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Proclaiming the Gospel with Miraculous Gifts in the Postbiblical Early Church

Augustine had a practice of requiring all who had experienced miracles to make both oral and written testimony, so those who had heard would not forget, and those who had never heard would be made aware of God’s power. He also takes his own advice by reporting a variety of contemporary miracles.

Whenever a miracle occurred it was Augustine’s practice to mediate the event to the people. This was so that they would understand completely what had happened, so they would not forget, and so that God would receive the glory, rather than the priest.

Augustine insists that true gifts will bear examination. He even suggests a test to determine whether the spirit is of God: “Therefore by this understand ye the spirit that is from God. Give the earthen vessels a tap, put them to the proof, whether haply they be cracked and give a dull sound; see whether they ring full and clear, see whether charity be there”18 (cf. Mat. 7:20). Furthermore, Augustine warns against the notion that a spiritual work must be accompanied by external proof: “God forbid that our heart should be tempted by this faithlessness.”19

Augustine had a practice of requiring all who had experienced miracles to make both oral and written testimony, so those who had heard would not forget, and those who had never heard would be made aware of God’s power.

Strangely, the same Augustine who provides evidence of the supernatural in the fourth and fifth century Church, also denies on at least five occasions that the gift of tongues is for his generation. “In the laying on of hands, now, that persons may receive the Holy Ghost, do we look, that they should speak with tongues?” “When we laid the hand on these infants, did each one of you look to see whether they would speak with tongues, and, when he saw that they did not speak with tongues, was any of you so wrongminded as to say, These have not received the Holy Ghost?” Tongues are no longer needed because “the Church itself now speaks in the tongues of all nations.”20

One can speculate that, in specifically denying glossolalia, Augustine might have been reacting against contemporary enthusiasts of whom we have no historic record. And it is equally significant that he can point to no scriptural passage which demonstrates his assertion regarding the gift of tongues.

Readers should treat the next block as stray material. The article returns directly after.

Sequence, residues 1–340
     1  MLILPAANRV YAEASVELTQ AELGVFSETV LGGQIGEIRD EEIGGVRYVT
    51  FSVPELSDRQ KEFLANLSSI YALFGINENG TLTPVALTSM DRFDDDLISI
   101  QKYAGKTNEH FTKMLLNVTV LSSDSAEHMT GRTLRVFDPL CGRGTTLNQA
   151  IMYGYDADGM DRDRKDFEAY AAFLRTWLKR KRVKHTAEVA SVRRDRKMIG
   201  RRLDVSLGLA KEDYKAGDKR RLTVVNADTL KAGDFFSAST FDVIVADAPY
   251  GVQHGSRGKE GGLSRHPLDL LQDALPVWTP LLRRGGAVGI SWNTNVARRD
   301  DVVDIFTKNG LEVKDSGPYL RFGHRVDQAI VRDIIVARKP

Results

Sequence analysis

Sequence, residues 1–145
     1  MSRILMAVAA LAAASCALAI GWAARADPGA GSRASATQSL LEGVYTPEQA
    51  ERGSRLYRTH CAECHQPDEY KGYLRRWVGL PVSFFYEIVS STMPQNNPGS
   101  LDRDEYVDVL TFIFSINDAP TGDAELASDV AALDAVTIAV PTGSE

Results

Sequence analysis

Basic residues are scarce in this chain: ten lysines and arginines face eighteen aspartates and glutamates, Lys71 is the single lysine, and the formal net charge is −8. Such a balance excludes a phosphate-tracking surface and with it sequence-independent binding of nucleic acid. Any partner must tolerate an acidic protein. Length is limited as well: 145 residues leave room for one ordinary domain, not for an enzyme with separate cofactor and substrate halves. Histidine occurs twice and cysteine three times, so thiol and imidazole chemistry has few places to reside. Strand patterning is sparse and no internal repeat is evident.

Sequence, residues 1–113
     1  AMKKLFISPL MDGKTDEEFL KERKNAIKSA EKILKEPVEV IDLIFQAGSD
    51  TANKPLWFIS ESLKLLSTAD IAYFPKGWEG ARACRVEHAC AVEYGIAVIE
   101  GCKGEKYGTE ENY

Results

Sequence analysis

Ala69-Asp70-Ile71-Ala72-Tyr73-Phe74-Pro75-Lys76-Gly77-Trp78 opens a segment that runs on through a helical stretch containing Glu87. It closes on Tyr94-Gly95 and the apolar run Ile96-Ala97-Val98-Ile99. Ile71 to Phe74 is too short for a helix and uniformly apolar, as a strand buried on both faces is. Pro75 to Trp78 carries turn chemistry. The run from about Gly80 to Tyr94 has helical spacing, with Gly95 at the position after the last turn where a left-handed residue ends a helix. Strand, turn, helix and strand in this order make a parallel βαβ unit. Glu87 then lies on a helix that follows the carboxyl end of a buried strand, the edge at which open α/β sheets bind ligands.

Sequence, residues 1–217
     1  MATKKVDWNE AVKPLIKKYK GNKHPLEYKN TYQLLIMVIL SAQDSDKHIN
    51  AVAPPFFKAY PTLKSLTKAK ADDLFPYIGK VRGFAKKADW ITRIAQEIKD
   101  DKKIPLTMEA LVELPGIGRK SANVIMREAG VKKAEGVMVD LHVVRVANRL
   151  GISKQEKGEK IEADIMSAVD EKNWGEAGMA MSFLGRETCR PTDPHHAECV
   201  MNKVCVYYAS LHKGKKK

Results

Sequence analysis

Gregory the Great (540?-604): Recorder of Contemporary Miracles

Gregory the Great, the fourth and last of the traditional Latin “Doctors of the Church,” became Pope in 590. His Four Books of Dialogues on the Life and Miracles of the Italian Fathers and on the Immortality of Souls (593-94) simplified the doctrines expressed in Augustine’s The City of God, and was highly influential during the Middle Ages. This work was composed for the single purpose of recording miracles performed by Italian saints in his own time. He understood that miracles were necessary in the Early Church to accomplish the work of evangelism. So too they were necessary in his own time for the conversion of pagans as well as the Lombard heretics. They also were probably intended to deepen the faith of those who were already baptized Christians. While Gregory admits that miracles, with the exception of visions, were not as frequent as they had been in the first century because the number of the faithful had grown considerably, miracles were still a constant of Christian experience.21

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Category: Church History, Summer 2008

About the Author: Stanley M. Burgess received a BA and MA from the University of Michigan and a PhD from the University of Missouri-Columbia. He has taught history for 57 years and was Distinguished Professor of Christian History, Regent University, Virginia Beach, Virginia (2004–2011). He has written numerous scholarly articles on church history and the history of Christianity as well as several books, including The Spirit and the Church: Antiquity (Hendrickson), The Holy Spirit: Eastern Christian Traditions (Hendrickson), and The Holy Spirit: Medieval Roman Catholic and Reformation Traditions (Hendrickson), a documentary history of the Christian Peoples of the Spirit: A Documentary History of Pentecostal Spirituality from the Early Church to the Present (New York University Press, 2011), and was co-editor of the Wiley-Blackwell Companion to Religion and Social Justice (Oxford, 2012).

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